Councilmember Nancy Floreen (D-At Large) kindly commented in response to my post about her handing out reuseable bags during her last campaign though she now opposes the bag tax. Nancy probably has commented more on MPW than any other elected official, so I thought I'd do her the courtesy of reprinting (recyclying?) it here:
Since this issue came up I am indeed embarrassed about the reuseable bags I gave out. Turns out the liners have a lot of lead in them, the bags themselves are largely made out of petroleum products, not recycleable themselves, and need to be washed. I thought AL Carr had a good idea when he started handing these things out,but based on what I now know, I am not so sure. the reason there is really not that much backlash about this tax is because it is not enough to actually change behavior. As Roger says, it's a "nudge." But Montgomery County people are already great recylcers, they don't need nudges. This is just another tax.For the other side, see Keith Berner, who points out that bag use is down dramatically in DC and far fewer bags have been found in local waterways.
I also received mail from a Claudia Holwill (posted below), a spokeswoman for Hilex Poly--a manufacturer of plastic bags--containing a link to a video with helpful tips for reuseable bag newbies or people who are just bag curious. Among the useful nuggets of information from the "practice safe sacks" (aw shucks) video are:
- Wrap meat, fish in separate plastic bags. Thanks Hilex Poly! I didn't know that--I've just been tossing in the salmon and the steaks in together unwrapped--the way those awful supermarket folks always give them to me--together. Probably a good tip even if you use plastic bags.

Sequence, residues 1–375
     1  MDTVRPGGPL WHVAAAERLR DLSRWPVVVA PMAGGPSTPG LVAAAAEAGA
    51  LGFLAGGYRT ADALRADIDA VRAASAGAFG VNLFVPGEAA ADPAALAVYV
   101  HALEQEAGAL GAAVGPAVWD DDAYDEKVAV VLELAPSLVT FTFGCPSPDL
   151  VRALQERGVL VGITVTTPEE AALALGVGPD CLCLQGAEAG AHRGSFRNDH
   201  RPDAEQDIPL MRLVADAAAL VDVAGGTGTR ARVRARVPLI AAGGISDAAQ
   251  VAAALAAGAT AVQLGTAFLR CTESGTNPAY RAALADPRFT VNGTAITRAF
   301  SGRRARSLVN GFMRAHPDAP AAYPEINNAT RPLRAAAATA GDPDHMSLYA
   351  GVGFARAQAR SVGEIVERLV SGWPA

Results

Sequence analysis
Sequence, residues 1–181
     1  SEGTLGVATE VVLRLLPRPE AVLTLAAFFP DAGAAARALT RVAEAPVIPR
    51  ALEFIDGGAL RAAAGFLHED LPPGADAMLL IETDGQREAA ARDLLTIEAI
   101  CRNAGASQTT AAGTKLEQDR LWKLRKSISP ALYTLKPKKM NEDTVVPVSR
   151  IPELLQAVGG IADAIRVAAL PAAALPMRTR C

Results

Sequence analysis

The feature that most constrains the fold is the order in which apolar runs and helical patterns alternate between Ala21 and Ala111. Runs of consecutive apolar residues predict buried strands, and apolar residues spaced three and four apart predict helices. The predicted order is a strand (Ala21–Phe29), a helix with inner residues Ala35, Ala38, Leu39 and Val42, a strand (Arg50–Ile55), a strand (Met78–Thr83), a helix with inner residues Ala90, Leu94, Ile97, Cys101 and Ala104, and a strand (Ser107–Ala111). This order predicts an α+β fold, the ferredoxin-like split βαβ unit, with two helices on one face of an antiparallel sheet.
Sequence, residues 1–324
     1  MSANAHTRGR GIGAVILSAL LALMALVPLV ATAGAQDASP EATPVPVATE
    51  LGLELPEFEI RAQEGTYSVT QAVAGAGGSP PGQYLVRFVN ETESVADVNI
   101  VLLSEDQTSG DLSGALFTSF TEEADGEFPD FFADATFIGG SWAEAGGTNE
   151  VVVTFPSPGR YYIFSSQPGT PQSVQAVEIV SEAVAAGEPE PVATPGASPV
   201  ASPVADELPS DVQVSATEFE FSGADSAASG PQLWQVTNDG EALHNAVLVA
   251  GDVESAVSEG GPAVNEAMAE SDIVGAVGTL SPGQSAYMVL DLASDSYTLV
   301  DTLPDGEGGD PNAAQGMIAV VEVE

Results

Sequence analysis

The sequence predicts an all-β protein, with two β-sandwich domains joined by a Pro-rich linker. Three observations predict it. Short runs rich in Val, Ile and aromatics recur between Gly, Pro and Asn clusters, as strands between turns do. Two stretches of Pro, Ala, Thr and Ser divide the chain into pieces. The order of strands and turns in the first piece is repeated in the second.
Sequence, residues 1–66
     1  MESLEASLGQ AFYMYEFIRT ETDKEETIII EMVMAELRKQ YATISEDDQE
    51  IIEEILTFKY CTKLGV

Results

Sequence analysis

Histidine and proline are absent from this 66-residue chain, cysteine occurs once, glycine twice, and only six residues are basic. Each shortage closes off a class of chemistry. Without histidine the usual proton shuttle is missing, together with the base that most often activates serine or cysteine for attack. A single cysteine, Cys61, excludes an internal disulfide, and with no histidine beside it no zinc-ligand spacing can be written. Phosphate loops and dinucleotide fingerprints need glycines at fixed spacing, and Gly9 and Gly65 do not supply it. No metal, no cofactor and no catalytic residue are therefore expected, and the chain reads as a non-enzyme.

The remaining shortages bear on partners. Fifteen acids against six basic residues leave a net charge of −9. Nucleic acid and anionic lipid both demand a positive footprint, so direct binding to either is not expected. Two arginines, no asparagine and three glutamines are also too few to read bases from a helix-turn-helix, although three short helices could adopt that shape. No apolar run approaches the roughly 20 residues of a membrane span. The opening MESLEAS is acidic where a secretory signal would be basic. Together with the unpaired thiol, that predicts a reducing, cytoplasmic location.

- Don't place reuseable bags on rotating children's playground equipment. Seriously, watch the video.
Here is the full letter from Claudia Holwill:
Allow me to introduce myself; My name is Claudia Holwill and I do digital public affairs work at Edelman, a communications firm in Washington, D.C., where one of my clients is Hilex Poly, an American manufacturer of plastic bags made from recycled materials.
I am writing because I saw your post on Nancy Floreen’s reusable bags, and your caution to readers about the potential dangers of reusables, and thought you might be interested in this video we produced to help educate consumers on how to properly clean and store their reusable bags. As the operator of the world’s largest plastic bag recycling facility, Hilex Poly hopes to see solutions such as recycling initiatives, rather than bans or taxes on plastic bags.
If you would like to speak with someone at Hilex Poly for any other posts you have planned on this issue, I would be happy to set something up for you. We are also working on a number of additional videos and interactive facts sheets that I can share with you if you think they would be of interest to your readers. Thank you for your time!
Edelman | Digital Public Affairs
1875 I Street NW, Suite 900, Washington, DC 20006